Janelle Monae: No, I have soul searched, and this time around, I think being honest is most important. It’s about being able to say “hey I’m ok if people don’t like that I’m embracing this side of me”, it’s the side that my friends and family get to see and they still love me the same. I think that my evolution is more important than pleasing people and I may not say it right, I might get some things wrong, and I may stumble along the way but was I honest, was I sincere, was my heart in the right place? Yes, yes and yes.

What scares Janelle Monae?

Janelle Monae: That I won’t have a family within the time frame that I want to have a family. I want to have children, but I don’t want to miss that time because I was so focused on my career and because I didn’t plan accordingly. That scares me most now more than anything. I do want to usher in a new generation of babies that will be better than me and able to dream bigger than me and go out into this world and turn it upside down in a very positive way.

janelle Monae FAULT Magazine dirty computer (1 of 1)
What is your FAULT?

Janelle Monae: One of my FAULTs is that I’m a self-editor and perfectionist and I don’t enjoy my experiences when I’m so focused on being consistently perfect in every situation. It’s something that I’ve had to work on my entire life actively. It used to consume my experience, and I couldn’t enjoy things because I was so focused on how they were going to be presented. I was so concerned with what people thought, but now I’m just at this point in my life where I’m finding strength in my imperfections, and I realise that I connect more with myself and with other people when my FAULTs are being shared for all to see.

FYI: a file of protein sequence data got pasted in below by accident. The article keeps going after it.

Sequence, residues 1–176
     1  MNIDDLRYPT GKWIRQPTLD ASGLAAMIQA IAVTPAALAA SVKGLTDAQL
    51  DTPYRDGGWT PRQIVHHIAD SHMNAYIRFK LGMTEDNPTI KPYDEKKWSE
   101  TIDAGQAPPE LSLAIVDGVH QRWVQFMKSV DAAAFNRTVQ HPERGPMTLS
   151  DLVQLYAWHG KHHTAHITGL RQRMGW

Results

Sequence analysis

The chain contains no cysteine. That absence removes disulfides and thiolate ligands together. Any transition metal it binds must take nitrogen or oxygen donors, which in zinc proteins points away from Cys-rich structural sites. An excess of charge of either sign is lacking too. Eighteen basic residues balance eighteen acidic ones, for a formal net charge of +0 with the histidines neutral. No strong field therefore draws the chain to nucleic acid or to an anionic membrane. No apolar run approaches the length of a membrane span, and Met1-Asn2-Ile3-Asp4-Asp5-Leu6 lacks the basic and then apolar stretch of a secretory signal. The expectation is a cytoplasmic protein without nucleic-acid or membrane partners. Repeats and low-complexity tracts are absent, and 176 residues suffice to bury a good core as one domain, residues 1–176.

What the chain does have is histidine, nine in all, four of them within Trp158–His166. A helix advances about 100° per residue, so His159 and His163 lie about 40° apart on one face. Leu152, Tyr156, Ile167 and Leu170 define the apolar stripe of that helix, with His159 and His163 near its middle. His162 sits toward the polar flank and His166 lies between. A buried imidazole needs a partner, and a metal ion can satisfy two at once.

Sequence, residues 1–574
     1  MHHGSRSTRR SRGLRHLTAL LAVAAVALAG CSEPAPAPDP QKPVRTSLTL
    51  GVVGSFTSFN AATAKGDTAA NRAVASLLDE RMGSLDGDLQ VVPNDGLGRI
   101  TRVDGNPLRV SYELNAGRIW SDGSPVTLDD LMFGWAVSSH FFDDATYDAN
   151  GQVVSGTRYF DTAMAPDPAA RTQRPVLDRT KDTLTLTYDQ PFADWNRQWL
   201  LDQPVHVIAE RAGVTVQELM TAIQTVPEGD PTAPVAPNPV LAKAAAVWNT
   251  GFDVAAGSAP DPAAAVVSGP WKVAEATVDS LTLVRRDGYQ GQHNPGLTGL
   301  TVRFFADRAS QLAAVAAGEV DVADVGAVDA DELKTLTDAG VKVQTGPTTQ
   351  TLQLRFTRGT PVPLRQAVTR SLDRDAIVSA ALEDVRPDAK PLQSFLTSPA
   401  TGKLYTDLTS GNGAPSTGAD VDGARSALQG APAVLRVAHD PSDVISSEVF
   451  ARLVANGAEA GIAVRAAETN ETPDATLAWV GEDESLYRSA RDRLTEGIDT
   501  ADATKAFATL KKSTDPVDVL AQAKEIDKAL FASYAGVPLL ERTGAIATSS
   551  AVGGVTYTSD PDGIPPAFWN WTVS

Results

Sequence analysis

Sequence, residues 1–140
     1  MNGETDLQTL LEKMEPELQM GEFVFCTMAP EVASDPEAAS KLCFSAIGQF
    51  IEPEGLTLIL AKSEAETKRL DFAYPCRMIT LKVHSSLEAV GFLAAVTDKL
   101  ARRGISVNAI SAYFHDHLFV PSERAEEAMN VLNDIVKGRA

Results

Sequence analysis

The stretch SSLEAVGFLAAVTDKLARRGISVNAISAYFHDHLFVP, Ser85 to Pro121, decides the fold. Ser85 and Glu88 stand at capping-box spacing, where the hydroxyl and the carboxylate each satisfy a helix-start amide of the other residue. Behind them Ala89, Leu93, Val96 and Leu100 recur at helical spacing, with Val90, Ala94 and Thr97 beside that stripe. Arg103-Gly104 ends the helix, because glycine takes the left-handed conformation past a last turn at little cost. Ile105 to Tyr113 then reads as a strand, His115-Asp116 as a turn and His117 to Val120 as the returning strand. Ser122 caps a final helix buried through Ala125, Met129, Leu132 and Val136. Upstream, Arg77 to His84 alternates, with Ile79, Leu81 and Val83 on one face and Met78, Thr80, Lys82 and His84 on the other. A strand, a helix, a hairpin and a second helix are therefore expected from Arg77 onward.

FAULT MAGAZINE ISSUE 28 – THE STRUCTURAL ISSUE –  IS AVAILABLE TO ORDER NOW

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…Or get your copy digitally via Zinio! 1 year’s subscription = just £14.40

 

FAULT Magazine Exclusive Fashion Editorial – Benjo’s Arwas’ FAULT

Photographer: Benjo Arwas

Model: Emilia Vucinic @ The Lions

Stylist: Jordan Grossman

Hair and Makeup: Nicole Chew @ Art Department

Video Production: Tribe Federation

Daphne Guinness Launches Second Album at London’s BFI IMAX

Album cover on BFI IMAX screen

Last night saw the launch of British fashion muse and musician Daphne Guinness ’ second album as Daphne and The Golden Chords, It’s a Riotat the BFI IMAX. As what can only be described as an extravagant homage, the heiress to Guinness – yes, the Irish stout – was the main focus of the night from the start to finish, complete with glass sculptures of the singer at the entrance and projections of her mirage covering the walls as drinks were served. As an air of nepotism swept the room, the event was bustling with friends and confidants of Daphne. From old rockers in leather jackets to big names in the fashion industry, the crowd was an eclectic mix of all ages, some of which wouldn’t have looked out of place 50 years ago.